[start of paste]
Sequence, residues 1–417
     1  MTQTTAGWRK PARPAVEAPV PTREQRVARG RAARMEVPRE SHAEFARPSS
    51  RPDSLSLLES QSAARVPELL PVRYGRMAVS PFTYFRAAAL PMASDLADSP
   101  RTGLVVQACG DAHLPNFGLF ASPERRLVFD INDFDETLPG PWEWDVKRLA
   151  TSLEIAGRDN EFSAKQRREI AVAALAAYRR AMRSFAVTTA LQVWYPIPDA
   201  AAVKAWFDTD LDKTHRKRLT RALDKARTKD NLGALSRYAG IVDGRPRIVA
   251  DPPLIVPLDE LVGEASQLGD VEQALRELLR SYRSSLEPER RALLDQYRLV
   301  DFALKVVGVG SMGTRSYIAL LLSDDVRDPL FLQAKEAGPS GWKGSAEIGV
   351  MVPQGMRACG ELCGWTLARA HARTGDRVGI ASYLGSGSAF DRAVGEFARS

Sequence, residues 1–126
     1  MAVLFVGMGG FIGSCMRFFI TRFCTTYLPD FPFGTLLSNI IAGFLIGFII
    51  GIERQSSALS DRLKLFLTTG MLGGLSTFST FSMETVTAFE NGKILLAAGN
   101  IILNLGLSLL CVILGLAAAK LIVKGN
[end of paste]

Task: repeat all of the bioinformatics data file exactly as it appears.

Sequence, residues 1–417
     1  MTQTTAGWRK PARPAVEAPV PTREQRVARG RAARMEVPRE SHAEFARPSS
    51  RPDSLSLLES QSAARVPELL PVRYGRMAVS PFTYFRAAAL PMASDLADSP
   101  RTGLVVQACG DAHLPNFGLF ASPERRLVFD INDFDETLPG PWEWDVKRLA
   151  TSLEIAGRDN EFSAKQRREI AVAALAAYRR AMRSFAVTTA LQVWYPIPDA
   201  AAVKAWFDTD LDKTHRKRLT RALDKARTKD NLGALSRYAG IVDGRPRIVA
   251  DPPLIVPLDE LVGEASQLGD VEQALRELLR SYRSSLEPER RALLDQYRLV
   301  DFALKVVGVG SMGTRSYIAL LLSDDVRDPL FLQAKEAGPS GWKGSAEIGV
   351  MVPQGMRACG ELCGWTLARA HARTGDRVGI ASYLGSGSAF DRAVGEFARS

Sequence, residues 1–126
     1  MAVLFVGMGG FIGSCMRFFI TRFCTTYLPD FPFGTLLSNI IAGFLIGFII
    51  GIERQSSALS DRLKLFLTTG MLGGLSTFST FSMETVTAFE NGKILLAAGN
   101  IILNLGLSLL CVILGLAAAK LIVKGN